February 2, 2017 § 2 Comments
Here at the Frick Fine Arts Library we pride ourselves on our artists’ books collection. For those of you who may not know what an artist book is, be my guest in explaining them! Each one is unique, sometimes made in editions like prints, sometimes “printed” by a press, other times not, cataloged in the library like books with a call number, often displayed in museums as art objects behind glass – each one may look, feel, or even sound different from the next (queue Keith Smith’s string book).
A few brave and creative souls have started selling their artists’ books on Etsy. I found these recently and thought I’d share!
Butterflies from TheMuseumShelves
Night from SignOfTheLadybug
Nachtmahr Box from buechertiger
Miniature Black Artist Book from PegandAwl
Book of Nonexistent Animals from HandmadeBook
November 9, 2016 § 2 Comments
October 13, 2016 § Leave a comment
Beasts and monsters like the one you see above were often depicted in medieval manuscripts, maps—like the Hereford Mappa Mundi—and even cathedral sculptures. The most prominent amount of these depictions can be found in medieval bestiaries, which we could say were a more romantic and moralized version of a modern-day encyclopedia of animals with pictures included. Although depicted alongside “real” animals, monsters and other fantastic beasts were often placed in their own category called the Monstrous Races, which were said to live on the periphery of the world in places beyond the known seas and in places such as Africa and the Middle East.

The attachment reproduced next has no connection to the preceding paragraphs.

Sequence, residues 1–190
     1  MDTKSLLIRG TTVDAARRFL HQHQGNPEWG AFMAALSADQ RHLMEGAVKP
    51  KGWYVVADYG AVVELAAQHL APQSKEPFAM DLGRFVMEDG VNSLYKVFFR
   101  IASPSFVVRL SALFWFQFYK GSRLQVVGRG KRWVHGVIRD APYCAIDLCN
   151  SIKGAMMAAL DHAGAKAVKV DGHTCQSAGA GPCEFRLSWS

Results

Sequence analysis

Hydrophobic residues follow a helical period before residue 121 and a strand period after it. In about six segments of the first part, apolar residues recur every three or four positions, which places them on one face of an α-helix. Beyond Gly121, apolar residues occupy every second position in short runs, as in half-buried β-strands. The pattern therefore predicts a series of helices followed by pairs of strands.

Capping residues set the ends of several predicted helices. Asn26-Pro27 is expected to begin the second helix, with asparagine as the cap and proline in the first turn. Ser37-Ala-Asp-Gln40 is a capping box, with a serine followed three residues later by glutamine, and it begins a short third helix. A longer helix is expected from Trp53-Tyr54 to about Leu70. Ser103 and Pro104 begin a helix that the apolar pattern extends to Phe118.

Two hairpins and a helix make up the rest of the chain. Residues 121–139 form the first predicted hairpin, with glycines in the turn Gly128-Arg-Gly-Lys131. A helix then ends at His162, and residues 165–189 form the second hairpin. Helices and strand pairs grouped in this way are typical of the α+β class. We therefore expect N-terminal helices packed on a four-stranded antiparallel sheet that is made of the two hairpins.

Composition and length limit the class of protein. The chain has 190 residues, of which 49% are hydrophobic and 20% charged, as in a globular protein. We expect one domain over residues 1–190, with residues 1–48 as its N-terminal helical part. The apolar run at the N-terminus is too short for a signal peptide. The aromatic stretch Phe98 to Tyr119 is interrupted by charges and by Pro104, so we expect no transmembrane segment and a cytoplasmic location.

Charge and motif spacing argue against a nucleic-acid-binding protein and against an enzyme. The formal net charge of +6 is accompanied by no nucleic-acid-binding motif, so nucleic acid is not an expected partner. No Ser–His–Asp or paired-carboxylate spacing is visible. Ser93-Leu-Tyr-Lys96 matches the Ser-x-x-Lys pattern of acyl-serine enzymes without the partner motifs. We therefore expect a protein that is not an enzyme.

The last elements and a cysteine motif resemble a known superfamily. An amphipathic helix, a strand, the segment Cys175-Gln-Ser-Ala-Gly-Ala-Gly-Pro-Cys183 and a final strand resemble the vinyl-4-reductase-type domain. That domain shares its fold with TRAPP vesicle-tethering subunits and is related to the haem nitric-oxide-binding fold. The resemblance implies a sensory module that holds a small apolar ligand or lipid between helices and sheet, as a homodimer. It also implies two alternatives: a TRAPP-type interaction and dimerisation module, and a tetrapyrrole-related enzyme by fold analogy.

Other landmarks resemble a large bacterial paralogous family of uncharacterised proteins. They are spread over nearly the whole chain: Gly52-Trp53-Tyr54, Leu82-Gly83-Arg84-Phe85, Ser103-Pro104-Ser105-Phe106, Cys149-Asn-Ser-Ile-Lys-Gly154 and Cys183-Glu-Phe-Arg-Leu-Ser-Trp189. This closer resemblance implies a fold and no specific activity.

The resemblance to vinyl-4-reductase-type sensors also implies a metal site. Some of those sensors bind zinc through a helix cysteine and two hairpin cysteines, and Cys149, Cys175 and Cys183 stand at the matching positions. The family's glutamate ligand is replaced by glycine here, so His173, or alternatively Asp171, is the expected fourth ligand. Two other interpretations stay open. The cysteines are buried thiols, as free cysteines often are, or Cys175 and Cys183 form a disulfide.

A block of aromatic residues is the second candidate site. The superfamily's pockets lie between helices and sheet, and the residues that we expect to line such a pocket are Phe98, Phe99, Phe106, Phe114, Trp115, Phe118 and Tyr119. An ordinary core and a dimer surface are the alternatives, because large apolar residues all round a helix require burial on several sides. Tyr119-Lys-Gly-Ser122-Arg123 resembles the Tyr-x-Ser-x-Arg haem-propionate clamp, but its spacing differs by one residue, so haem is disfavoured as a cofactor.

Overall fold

Often the beasts that were included in bestiaries were real-life animals, even if they didn’t always look like the real thing—but what can we say, monks didn’t get out much, and elephants were hard to come by in medieval Europe. At best you would hear a garbled description of an exotic animal from some adventurous traveler, or find some mention or illustration of one in an older text and then copy it. Fantastic and terrifying beasts often accompanied the “real“ animals, with lines of text that would guide a reader to become more knowledgeable about these creatures, especially in spiritual or moral ways, and often in as much detail as the “real“ animals.
Our library has a beautiful facsimile of Manuscript Bodley 764, our specific facsimile being called the Book of Beasts, from which these images come, and is often referred to as one of the most beautiful surviving copies of a bestiary. Other strange and fantastic beasts that can be found among its pages include the phoenix, sirens, satyrs, sphinxes, bonnacons—which “emits a smell from its rear end so terrible that it poisons three fields” (11), unicorns, eales, paranders, the charadrius, and more.
March 2, 2016 § Leave a comment
I’ve slowly been getting back into painting, but as soon as April hits I’ll have to start making some new things at a faster pace. I’m planning on selling some work at the coffee shop down the street, hopefully it works out!
I’ve been really inspired to paint animals and things from nature lately (well, always), but especially lately because it’s winter here in the city and things can get pretty bleak in Pittsburgh. Can’t wait for spring and summer!
Check out my Etsy shop for prints and more work!